Do you have an exit strategy?

Thinking about the end of your business’s life can be fun or scary. When we have big plans for the end (selling or passing to future generations) it’s a fun conversation. When we aren’t sure of what the end holds, it’s scary.. unknown.

This is one of the reasons it’s so important to plan for the end. Have an exit strategy. What’s the end goal?

An exit strategy allows you to plan and guide your business in the direction you choose. As you’ll see there are pros and cons to all exit strategy options.

Some example exit strategies:

- Sell the business to a buyer:

There are many ways to put a business up for sale and coaches to help prepare for this process. If the business is run well and profitable, it should be attractive for a buyer to pay a premium. You’ll receive value for the goodwill and time you’ve spent building systems. It’s important to note that a business that’s losing money or barely making a profit won’t market very well and businesses can sometimes be difficult to value making the price lower than expected.

Another option here is to sell the business to another business. Another business may see yours as an awesome addition to the services or products they offer. Businesses also buy other businesses to get rid of competition. Advantages here are that the buyer might be highly motivated to buy quickly and for a premium. Disadvantage is depending on the reason for the purchase, the buyer may lay-off current employees or liquidate.

- Sell the business to managers or employees:

If you’ve been grooming a manager to do your job, they might be interested in buying the business from you when you’re ready to retire. The benefit here is that the manager has a clear understanding of how to run the business and the culture of the company. They are familiar and enthusiastic about the business. You also may be able to stay around as an advisor. The cons here are similar to passing it down to a family member – they might not be ready or might want to make large changes that upset customers. In the latter, it’s best to step back and see if those changes would be for the better of the company as a whole.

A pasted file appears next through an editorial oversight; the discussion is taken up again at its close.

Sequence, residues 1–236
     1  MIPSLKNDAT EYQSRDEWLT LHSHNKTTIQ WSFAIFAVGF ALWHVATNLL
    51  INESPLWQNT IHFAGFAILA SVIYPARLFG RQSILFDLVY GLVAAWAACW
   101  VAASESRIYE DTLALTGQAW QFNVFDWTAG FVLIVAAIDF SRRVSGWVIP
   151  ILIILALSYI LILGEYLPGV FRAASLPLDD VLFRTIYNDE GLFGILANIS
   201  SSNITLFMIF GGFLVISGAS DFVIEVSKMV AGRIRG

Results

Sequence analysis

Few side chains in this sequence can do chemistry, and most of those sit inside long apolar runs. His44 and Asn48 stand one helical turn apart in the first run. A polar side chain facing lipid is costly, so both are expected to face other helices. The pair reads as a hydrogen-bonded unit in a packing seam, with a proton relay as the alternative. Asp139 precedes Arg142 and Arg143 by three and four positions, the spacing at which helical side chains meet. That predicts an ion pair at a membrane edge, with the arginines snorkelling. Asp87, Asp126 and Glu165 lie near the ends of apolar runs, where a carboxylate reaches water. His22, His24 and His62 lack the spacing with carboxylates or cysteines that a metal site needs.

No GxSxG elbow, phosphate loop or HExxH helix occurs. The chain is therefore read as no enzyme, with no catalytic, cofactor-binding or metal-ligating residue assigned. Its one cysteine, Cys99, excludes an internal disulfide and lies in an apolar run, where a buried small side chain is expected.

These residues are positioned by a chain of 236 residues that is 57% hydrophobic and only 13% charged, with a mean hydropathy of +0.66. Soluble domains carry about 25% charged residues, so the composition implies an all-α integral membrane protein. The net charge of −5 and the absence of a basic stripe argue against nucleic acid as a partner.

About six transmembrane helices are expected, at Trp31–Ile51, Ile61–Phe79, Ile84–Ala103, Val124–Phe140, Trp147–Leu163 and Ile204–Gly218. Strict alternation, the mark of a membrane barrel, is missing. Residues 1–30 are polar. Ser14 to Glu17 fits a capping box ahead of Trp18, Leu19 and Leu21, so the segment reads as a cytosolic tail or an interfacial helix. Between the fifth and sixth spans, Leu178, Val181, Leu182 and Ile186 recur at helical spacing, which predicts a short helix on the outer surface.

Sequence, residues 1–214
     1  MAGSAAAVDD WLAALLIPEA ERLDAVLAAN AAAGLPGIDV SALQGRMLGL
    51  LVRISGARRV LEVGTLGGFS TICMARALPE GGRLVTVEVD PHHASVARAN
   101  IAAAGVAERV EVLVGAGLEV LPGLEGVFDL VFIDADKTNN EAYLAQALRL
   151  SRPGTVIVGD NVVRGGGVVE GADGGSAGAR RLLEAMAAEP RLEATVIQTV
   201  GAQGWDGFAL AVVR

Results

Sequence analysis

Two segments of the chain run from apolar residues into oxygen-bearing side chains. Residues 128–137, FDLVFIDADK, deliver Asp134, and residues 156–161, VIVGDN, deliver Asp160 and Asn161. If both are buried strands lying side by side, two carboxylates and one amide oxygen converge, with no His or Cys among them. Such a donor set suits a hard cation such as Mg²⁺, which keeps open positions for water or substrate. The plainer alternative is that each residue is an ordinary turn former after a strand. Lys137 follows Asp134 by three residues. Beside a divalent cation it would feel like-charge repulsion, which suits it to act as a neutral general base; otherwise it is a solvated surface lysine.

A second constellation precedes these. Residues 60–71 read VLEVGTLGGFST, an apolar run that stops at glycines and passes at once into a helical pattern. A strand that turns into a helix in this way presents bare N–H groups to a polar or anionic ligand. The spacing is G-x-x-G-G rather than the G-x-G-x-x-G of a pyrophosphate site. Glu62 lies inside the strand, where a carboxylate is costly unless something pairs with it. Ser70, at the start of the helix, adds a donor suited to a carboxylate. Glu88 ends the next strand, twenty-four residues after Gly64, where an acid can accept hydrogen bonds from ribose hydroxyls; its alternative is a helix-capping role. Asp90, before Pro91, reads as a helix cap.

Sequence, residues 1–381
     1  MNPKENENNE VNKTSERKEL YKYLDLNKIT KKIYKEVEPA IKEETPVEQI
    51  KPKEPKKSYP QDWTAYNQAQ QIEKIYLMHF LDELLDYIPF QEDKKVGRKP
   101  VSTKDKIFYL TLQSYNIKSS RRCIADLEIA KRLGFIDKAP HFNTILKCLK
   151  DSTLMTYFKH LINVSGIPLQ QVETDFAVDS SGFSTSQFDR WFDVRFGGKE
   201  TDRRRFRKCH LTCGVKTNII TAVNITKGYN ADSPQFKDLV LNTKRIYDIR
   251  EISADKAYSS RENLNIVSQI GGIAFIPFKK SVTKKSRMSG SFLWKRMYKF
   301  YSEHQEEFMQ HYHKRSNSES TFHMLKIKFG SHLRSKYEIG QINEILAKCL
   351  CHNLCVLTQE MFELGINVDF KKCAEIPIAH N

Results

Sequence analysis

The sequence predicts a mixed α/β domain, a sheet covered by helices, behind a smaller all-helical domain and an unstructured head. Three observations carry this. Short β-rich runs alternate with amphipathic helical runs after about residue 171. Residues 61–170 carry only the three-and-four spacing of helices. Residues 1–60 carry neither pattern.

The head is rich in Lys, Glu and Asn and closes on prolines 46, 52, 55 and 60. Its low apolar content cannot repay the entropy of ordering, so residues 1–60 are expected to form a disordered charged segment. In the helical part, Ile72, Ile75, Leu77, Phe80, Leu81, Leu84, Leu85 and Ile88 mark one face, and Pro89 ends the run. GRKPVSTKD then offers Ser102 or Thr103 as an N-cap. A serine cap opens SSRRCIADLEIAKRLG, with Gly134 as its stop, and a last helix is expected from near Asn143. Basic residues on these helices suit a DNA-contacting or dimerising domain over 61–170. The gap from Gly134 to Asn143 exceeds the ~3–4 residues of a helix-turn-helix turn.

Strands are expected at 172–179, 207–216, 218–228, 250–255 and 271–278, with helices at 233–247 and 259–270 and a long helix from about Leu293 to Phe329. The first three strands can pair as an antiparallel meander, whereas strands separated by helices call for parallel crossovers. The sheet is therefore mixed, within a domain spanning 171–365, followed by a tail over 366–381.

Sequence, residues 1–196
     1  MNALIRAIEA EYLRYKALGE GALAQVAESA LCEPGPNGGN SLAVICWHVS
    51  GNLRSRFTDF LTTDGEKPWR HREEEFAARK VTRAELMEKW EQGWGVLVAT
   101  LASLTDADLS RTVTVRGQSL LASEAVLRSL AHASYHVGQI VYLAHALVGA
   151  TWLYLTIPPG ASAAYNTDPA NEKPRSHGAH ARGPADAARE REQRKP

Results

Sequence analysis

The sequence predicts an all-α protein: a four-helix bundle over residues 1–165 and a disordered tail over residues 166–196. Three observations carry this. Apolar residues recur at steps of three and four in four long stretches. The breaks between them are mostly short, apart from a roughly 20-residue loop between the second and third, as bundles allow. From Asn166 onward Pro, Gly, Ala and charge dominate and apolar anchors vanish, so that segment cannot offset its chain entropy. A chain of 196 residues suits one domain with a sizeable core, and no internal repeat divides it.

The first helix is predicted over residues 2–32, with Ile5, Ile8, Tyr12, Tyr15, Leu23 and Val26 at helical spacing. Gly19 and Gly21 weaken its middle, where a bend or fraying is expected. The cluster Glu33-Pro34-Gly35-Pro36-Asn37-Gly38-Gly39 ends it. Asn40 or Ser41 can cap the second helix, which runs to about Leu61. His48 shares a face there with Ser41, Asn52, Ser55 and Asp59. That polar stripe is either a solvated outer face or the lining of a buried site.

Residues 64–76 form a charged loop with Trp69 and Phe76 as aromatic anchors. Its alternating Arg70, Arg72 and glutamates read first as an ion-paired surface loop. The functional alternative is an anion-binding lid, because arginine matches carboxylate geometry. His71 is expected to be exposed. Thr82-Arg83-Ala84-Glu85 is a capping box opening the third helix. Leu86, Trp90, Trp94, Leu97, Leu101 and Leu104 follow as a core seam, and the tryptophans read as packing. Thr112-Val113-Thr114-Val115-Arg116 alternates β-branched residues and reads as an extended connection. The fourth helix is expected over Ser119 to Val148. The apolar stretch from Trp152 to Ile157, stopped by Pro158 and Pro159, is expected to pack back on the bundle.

- Liquidation: close business & sell all assets

This option is simple and can generally happen very quickly. Buyers can see the benefit of buying equipment, machinery and inventory at a discounted price. The downside here is that this option has the lowest return on investment. You don’t receive a lot of money for the goodwill – relationships built over the life of your business. It’s also worth noting that you likely won’t be selling the tangible assets you own at a premium, since they’ve depreciated since purchase. *A buyer may buy a higher price if they can step into your shoes and do the job you were doing.

Another take on liquidation is to liquidate over time. This is ideal for a business owner who wants to take advantage of the lifestyle the business is providing & pull all profits out of the business instead of reinvesting for growth. This is done by taking a large salary or large draws for the last few years of the business’s life before closing down & selling the assets. This generally works if all parties invested in the business are on the same page. Downside is losing out on some tax benefits and decreasing the value for a sale if the end goal changed.

- Pass the business to the next generation:

Many business owners dream of passing their life’s work onto their children, teaching them as they grow up. Leaving a legacy for their kids. This option can allow for you to keep a hand in the business or watch it grow as you retire. It can also make for a smooth transition as you train the next business owner. On that same note – running a business with family can be taxing and emotional. Setting boundaries is difficult. Family members may not have the right skill sets or may not want to work in the same field. Younger generations tend to want to modernize the business and take it in a different generation which has the potential to upset customers.

Picking a strategy is personal and depends on what benefits fit your business and personal goals. You must decide what you want to walk away with at the end and how you want the business to be left.